Greenwich Letter: GHS Soil Remediation: 'There Oughta be a Law'

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GREENWICH, Conn. -- The Greenwich Daily Voice accepts original, signed letters to the editor. Send your letter to greenwich@dailyvoice.com.

To the editor:

We keep hearing from our elected and appointed officials we need new laws to compel them to test the soil before embarking on municipal improvements. In fact there are many such laws already on the books; Greenwich simply chooses to ignore them.

The Greenwich Planning and Zoning Commission Checklist "conforms" to the Federal Clean Water Act; meaning almost all items enumerated are required by federal law. No one in town has the authority to override these requirements, and it is the town's obligation to enforce them. Failure to properly enforce federal regulations is punishable by fines up to $37,500 per day, and loss of regulatory authority.

The Dec. 3, 2012, Toxic Substances Control Act Administrator's "Conditional MISA Soil Remediation Approval" requires strict adherence to all Federal, State, and Municipal acts, statutes, and regulations. This is one of the conditions of the approval, and it is explicitly stated in the body of the approval letter:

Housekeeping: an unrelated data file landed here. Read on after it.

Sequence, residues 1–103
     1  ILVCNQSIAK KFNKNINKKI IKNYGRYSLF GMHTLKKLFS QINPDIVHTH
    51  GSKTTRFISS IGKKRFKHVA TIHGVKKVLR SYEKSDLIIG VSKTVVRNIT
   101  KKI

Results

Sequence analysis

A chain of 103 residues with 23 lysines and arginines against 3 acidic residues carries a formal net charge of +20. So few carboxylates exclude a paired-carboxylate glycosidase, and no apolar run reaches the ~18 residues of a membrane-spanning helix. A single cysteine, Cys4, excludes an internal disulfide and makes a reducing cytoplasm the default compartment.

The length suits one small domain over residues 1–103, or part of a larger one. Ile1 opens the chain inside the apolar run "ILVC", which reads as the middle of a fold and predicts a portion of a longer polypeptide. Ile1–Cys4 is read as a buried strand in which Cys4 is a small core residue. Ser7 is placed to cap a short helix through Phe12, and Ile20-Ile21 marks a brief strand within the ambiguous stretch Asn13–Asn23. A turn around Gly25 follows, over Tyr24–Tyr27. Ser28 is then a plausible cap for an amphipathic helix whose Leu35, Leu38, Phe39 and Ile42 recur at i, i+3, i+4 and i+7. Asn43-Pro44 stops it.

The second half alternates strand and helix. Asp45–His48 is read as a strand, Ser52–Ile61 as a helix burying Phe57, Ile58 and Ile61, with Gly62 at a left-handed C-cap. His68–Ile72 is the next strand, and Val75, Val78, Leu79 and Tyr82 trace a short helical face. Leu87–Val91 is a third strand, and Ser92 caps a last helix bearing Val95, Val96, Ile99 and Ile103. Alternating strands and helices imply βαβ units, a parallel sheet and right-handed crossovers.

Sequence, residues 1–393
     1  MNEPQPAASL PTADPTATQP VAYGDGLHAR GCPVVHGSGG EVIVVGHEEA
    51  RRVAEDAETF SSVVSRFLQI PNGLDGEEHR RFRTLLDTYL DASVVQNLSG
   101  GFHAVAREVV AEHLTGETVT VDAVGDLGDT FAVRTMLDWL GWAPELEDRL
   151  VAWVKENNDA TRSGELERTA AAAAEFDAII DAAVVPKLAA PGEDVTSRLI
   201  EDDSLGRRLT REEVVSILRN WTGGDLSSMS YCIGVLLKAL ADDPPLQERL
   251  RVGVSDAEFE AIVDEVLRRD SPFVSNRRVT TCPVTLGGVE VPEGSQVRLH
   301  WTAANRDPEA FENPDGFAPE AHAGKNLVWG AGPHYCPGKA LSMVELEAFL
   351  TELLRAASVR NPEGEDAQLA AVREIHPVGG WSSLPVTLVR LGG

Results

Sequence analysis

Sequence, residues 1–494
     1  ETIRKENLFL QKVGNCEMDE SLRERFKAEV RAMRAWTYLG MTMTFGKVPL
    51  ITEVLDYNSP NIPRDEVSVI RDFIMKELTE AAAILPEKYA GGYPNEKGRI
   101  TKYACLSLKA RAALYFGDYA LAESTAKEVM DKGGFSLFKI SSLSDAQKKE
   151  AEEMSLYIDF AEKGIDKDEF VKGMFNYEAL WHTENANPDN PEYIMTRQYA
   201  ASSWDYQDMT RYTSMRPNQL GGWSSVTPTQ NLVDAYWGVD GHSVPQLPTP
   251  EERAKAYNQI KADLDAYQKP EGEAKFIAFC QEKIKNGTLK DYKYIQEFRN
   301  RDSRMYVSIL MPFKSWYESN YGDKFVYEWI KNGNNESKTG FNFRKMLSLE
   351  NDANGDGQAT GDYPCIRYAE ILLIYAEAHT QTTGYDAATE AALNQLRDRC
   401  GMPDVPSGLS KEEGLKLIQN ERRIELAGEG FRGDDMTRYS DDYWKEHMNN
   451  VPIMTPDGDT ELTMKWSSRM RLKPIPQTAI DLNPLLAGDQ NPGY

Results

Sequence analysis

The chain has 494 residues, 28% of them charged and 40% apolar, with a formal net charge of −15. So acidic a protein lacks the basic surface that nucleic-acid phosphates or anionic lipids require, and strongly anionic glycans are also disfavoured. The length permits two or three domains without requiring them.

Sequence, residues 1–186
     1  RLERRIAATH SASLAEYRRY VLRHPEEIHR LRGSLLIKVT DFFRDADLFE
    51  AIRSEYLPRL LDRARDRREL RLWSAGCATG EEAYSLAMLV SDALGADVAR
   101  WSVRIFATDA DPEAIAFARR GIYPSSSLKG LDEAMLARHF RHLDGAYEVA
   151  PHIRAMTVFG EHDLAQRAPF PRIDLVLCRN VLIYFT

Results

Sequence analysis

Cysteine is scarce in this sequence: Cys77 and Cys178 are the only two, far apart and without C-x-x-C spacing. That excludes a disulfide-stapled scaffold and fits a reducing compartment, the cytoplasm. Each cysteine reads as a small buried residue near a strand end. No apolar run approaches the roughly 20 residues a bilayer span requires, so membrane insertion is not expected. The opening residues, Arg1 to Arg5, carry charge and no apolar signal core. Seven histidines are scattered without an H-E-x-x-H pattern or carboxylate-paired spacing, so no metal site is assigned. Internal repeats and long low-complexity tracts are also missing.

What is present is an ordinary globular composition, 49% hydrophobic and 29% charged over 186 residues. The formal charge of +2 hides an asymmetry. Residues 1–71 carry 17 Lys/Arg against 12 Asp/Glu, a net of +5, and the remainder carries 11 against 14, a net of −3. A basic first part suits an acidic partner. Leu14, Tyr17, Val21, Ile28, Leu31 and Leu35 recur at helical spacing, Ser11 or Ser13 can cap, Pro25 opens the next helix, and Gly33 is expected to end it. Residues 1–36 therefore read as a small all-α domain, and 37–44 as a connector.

"This approval does not release Greenwich Public Schools from any applicable requirements of Federal, State or Local law."

GHS soil remediation is a Municipal Improvement pursuant to The Greenwich Town Charter. It must be approved by The Planning and Zoning Commission before it can be put out for bid. All P&Z checklist items must be completed before a preliminary site plan can even be considered by the commission.

In contrast to legal requirements, GHS soil remediation plans were developed by the Board of Education in illegal secret meetings without regulatory oversight or public notice. The plans announced by Greenwich Public Schools in a press release are not compliant with The Greenwich Town Charter; Connecticut General Statutes; or The Clean Water Act.

This failure to strictly adhere to EPA permit conditions will cost the Town dearly, yet again.

We don't need more laws; we just need compliance with the rules and regulations already in place.

Bill Effros

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